By Starrla Cray
WAVERLY, MN Waverly City Council adopted a resolution approving the city’s preliminary 2011 budget of $839,213 during Tuesday’s meeting.
The proposed budget for the enterprise funds (water, sewer, storm sewer, and refuse) is $952,213. The 2011 preliminary levy is $846,563, a 13 percent decrease from last year. Last year, the levy was $970,005.
“From start to finish, we made a lot of changes,” city clerk Debbie Ryks said. The council went through the expenses item by item at three separate budget meetings to determine where cuts could be made.
“We trimmed it down, so it’s going to be kind of sparing what you’re going to get this year,” Mayor Ken Antil said.
The reductions came from various areas. For example, $40,000 was levied for the park improvement fund last year, but that won’t be included in the levy this year. The amount allotted for street improvements and heavy equipment purchases was also greatly reduced.
Decreasing the amount of overage in the general fund also contributed. About $135,000 more than needed was collected last year. This year, that overage was reduced to $74,000.
Market values for homes went down this year, which resulted in a significant drop in tax capacity. Therefore, despite the reductions, the tax rate is projected to increase to 68 percent for 2011. In 2010, it was 66 percent.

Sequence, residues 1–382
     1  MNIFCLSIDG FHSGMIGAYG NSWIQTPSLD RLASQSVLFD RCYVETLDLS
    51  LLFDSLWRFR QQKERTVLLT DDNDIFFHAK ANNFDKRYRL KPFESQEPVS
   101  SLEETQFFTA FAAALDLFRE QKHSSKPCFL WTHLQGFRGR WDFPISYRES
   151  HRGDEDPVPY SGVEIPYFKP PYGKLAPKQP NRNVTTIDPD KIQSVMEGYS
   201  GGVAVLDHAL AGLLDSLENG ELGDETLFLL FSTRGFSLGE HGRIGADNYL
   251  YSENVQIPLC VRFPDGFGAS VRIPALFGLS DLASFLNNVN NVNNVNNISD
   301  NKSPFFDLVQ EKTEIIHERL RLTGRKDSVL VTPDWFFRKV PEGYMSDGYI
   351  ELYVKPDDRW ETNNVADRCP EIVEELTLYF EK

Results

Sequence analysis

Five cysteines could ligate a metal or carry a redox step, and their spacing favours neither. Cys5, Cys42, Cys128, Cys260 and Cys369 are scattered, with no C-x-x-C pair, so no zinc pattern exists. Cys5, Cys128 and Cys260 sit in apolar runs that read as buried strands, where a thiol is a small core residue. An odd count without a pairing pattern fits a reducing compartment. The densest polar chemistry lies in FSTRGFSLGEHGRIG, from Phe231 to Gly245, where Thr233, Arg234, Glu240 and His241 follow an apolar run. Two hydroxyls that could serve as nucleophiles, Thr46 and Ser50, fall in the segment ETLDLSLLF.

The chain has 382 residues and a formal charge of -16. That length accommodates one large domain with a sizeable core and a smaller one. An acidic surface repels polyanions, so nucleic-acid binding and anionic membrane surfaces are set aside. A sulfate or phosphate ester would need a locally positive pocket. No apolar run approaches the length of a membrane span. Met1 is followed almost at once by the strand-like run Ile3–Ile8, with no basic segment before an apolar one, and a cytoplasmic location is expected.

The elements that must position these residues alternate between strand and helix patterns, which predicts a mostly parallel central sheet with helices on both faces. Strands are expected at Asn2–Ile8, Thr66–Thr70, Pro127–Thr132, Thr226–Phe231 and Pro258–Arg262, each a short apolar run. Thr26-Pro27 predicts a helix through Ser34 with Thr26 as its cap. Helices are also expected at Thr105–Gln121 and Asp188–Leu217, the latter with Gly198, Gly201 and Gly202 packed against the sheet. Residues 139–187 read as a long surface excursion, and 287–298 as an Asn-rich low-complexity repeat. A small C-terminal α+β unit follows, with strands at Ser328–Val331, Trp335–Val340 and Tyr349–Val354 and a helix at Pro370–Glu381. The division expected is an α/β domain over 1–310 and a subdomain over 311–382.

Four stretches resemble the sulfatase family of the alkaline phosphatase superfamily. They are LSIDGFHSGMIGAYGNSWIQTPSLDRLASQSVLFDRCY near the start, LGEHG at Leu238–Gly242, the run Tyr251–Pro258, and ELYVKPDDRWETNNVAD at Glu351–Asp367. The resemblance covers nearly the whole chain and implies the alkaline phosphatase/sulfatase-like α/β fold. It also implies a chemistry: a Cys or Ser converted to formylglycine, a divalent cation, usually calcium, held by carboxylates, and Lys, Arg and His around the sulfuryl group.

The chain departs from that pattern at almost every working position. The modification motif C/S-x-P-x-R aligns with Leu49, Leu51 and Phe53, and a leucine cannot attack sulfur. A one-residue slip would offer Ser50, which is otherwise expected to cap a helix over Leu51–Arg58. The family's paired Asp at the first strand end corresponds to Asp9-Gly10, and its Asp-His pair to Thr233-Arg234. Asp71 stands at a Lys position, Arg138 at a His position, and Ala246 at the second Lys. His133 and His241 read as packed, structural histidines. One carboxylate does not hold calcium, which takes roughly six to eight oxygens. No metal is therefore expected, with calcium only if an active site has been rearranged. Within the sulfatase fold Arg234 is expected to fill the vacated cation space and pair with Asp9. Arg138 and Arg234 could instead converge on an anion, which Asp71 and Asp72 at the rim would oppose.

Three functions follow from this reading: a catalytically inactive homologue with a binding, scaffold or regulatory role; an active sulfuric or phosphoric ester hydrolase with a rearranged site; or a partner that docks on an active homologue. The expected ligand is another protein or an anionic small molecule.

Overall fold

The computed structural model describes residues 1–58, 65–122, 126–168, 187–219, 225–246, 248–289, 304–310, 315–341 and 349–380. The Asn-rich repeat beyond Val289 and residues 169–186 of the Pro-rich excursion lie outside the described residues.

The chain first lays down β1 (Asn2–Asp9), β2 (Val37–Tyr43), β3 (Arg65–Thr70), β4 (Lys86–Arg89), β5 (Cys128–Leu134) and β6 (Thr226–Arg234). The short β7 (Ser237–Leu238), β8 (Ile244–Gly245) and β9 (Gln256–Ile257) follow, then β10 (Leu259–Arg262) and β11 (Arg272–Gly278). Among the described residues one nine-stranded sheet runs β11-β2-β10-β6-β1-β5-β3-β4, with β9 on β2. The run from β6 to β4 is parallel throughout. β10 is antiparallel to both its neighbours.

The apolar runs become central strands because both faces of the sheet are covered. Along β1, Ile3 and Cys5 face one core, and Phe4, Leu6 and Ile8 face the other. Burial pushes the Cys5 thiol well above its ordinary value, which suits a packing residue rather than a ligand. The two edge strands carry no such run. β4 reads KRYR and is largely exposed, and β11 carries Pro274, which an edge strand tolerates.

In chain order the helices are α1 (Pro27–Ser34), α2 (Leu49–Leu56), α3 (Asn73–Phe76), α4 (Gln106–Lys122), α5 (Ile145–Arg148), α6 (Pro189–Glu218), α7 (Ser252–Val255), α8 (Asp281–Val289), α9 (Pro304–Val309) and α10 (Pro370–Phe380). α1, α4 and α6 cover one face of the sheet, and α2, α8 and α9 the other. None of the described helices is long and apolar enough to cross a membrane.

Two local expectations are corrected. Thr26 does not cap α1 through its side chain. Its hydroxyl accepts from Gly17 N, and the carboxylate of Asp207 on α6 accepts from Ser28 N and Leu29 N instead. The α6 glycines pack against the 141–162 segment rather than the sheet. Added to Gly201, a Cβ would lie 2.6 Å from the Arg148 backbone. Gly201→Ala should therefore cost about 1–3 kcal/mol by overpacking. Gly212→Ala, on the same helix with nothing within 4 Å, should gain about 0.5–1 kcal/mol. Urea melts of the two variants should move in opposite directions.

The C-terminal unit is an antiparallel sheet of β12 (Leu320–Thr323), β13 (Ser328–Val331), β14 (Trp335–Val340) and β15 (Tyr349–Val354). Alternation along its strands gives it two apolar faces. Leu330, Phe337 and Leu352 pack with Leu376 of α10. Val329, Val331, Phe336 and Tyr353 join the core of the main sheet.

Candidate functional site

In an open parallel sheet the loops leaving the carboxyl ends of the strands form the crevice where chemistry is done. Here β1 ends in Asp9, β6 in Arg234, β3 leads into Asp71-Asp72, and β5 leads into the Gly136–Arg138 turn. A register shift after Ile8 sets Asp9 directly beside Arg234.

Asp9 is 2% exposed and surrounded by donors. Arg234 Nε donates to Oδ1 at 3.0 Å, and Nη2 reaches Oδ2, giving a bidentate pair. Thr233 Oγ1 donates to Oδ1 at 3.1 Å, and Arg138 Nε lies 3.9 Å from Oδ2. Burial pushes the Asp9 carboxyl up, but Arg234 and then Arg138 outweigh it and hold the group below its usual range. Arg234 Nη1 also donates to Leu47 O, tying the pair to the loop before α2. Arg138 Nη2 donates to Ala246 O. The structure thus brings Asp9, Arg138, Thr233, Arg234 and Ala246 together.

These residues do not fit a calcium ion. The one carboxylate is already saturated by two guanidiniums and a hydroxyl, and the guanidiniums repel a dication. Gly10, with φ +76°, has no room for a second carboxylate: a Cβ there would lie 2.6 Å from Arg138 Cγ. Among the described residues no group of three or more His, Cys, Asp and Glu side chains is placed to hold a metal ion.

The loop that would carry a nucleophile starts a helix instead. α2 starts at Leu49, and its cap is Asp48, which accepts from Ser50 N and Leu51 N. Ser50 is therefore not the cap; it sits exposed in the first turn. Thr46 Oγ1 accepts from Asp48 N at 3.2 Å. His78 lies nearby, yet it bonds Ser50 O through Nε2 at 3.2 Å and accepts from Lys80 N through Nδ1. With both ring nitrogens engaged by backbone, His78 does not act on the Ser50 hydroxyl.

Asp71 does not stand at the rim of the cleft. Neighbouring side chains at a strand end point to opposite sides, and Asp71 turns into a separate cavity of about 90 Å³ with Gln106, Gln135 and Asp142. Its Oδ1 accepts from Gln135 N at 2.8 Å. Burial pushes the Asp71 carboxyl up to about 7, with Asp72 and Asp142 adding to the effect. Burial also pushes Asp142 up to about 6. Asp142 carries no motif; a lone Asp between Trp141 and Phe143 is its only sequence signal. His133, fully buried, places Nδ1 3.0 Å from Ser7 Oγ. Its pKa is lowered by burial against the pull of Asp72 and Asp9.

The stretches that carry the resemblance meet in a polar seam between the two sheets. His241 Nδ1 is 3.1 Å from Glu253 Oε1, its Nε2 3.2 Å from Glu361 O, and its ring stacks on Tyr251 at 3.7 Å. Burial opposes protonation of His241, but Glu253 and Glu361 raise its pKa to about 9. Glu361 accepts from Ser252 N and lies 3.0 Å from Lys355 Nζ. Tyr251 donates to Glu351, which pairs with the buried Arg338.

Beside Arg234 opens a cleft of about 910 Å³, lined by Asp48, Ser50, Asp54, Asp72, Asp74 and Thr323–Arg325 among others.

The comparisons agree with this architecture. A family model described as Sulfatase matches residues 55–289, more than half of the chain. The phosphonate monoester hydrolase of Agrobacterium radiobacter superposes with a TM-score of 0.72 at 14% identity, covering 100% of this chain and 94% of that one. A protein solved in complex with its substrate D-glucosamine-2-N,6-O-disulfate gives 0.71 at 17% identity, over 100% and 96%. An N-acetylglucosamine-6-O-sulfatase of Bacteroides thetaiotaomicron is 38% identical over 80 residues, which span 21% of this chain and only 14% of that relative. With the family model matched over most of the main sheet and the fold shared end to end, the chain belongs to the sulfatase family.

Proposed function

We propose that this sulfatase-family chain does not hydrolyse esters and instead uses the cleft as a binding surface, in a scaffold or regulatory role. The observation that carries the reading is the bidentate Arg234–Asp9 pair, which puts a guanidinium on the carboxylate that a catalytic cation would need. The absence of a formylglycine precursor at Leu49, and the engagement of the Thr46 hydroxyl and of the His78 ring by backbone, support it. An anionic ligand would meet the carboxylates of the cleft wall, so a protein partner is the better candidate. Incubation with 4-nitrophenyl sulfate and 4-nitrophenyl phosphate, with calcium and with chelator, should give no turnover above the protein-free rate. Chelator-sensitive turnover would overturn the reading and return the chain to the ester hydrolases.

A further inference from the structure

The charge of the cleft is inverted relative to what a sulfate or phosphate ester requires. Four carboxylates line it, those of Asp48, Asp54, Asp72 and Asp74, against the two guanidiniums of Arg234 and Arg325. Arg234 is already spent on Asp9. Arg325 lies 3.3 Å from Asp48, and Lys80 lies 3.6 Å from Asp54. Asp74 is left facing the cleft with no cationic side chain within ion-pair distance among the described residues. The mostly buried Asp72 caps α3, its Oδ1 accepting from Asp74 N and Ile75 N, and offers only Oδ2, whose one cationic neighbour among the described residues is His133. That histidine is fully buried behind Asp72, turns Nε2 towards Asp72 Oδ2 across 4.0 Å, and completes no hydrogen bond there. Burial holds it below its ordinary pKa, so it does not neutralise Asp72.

“I think the important thing to look it is that we’ve reduced the amount of taxes collected,” board member Connie Holmes said. “The real thing is the numbers.”
The council awarded a bid to Knife River Corporation for work on unfinished development projects in Waverly.
The bid for the entire project was $577,785, the lowest of the four bids city engineer Barry Glienke presented to the council. The highest bid was $727,243.
The actual contract amount was lower, however, at $451,726, according to Glienke.
Part of the reason for a lower cost is that the Summerfield developer is planning to do his own work.
Carrigan Meadows and the industrial park also might have the work done privately, which would further reduce the contract. The development owners have until Friday, Sept. 24 to submit a letter stating their intentions.
Another factor that will lower the bid includes a 50 percent cut to the Windgate development trail system.
Late-night noise was a heated topic of discussion at the council meeting.
Residents said that people leaving Uptown Bar & Grill in Waverly (which closes at 2 a.m.) are continuously loud and obnoxious.
“We had a couple complaints the biggest thing was people making all kinds of noise and waking people up,” Mayer Ken Antil said.
Additional police patrol were added in August, but bar owner Judd Meyer said the police presence is inhibiting his business.
“In the past four weeks, my business has been cut in half on Friday and Saturday nights,” Meyer said. “People are afraid to come up here.”
One resident said that despite the police, it is still loud near her house, and people have urinated on her yard.
“I was quiet for three years,” she said. “I can’t take it. I need sleep.”
She said that the bar should be closed at 1 a.m., but Meyer was adamantly against that idea.
“If I lose that 2 a.m. permit, you might as well close the doors on that bar,” Meyer said. “I’m not throwing that out there as a gauntlet, but those are the cold, hard facts.”